“I think the most important thing of all for any team is a winning attitude. The coaches must have it. The players must have it. The student body must have it. If you have dedicated players who believe in themselves, you don’t need a lot of talent.” -Bear Bryant

Two old ball coaches were sitting in a bar talking a great deal of shit. Mostly they were making fun of each other’s beers, Lite for one, snooty oak barrel nectar for the other. All the trash talking was in good nature and neither ever took anything personally. Somewhere after the third or fourth beer, the conversation changed.

“Why don’t we try each others’ beer? The next round, you go Lite and I’ll go snooty,” said the more experienced of the two coaches.

“How come?” asked the older but more inexperienced coach.

“Well, I think it’s good to have a different perspective. Figuring out what we’re all about is the way to get better.”

“That’s the kind of thinking that allows you to hang out with me,” said the snooty beer drinking and less experienced coach. “I’ll buy.”

“And that’s why I keep you around.”

The beers came and each tasted their new brew with a cautious hesitation. The beers were different but inviting. Both were cold, the Lite beer was crisp and the snooty beer was sweet but the new beers were good for both.

“I heard the Dali Llama said it doesn’t matter what you drink since it all comes out the same way,” said the original snooty beer drinking coach.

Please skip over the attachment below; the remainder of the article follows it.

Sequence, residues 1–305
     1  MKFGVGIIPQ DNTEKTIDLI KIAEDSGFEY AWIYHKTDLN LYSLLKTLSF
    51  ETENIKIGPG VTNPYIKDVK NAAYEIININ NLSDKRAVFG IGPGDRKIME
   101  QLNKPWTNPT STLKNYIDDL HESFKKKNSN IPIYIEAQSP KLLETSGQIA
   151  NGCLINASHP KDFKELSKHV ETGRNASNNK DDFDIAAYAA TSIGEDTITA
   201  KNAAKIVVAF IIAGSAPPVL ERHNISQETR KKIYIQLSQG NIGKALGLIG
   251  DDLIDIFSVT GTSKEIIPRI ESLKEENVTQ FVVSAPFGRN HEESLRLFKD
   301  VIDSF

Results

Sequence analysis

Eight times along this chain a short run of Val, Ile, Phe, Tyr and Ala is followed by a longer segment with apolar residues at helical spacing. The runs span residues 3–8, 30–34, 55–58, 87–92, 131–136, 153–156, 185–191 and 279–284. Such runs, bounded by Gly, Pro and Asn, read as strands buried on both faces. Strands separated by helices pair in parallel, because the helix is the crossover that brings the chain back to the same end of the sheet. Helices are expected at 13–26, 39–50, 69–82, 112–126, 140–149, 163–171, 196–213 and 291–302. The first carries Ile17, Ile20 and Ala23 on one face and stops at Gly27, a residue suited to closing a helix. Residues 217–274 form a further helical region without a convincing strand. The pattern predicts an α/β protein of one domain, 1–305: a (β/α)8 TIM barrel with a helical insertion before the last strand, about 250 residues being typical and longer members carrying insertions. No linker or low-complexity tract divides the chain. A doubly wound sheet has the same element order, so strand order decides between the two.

“My kind of conduit to the cosmos,” said the other coach.

The funny thing about these two was that they could not be more alike in their different approaches to life. Practical, theoretical, wide open, seriously reserved, a fast-moving storm, a brooding grudge carrying addict…

Yet, with all of that, they understood a few things in the same way.

Coaches prepare players to find success.

Players play.

The games are about learning how to succeed, not winning or losing.

Parents can be a little much.

About the time that the beers were running low a man and his wife walked into the bar. They started walking towards the two old ball coaches and the tension for the original snooty beer drinking coach rose as these parents were a little too much for him.

“Would you?” asked the original Lite beer drinking coach.

“I’d rather drink Budweiser.”

Enough said.


“Sports is such a great teacher. I think of everything they’ve taught me: camaraderie, humility, how to resolve differences.” Kobe Bryant

An early morning shootaround with a first time father leading his second-grade son into the gym held much more excitement than the downpour outside. The son, all three feet of him dribbled a basketball with a confidence that was just what his father dictated. Dad, all six feet four inches of him, walked with the strut of a former basketball player, the arrogance beguiling his sense of failure for never made to the next level.

They shot for a few minutes. The father coached his son.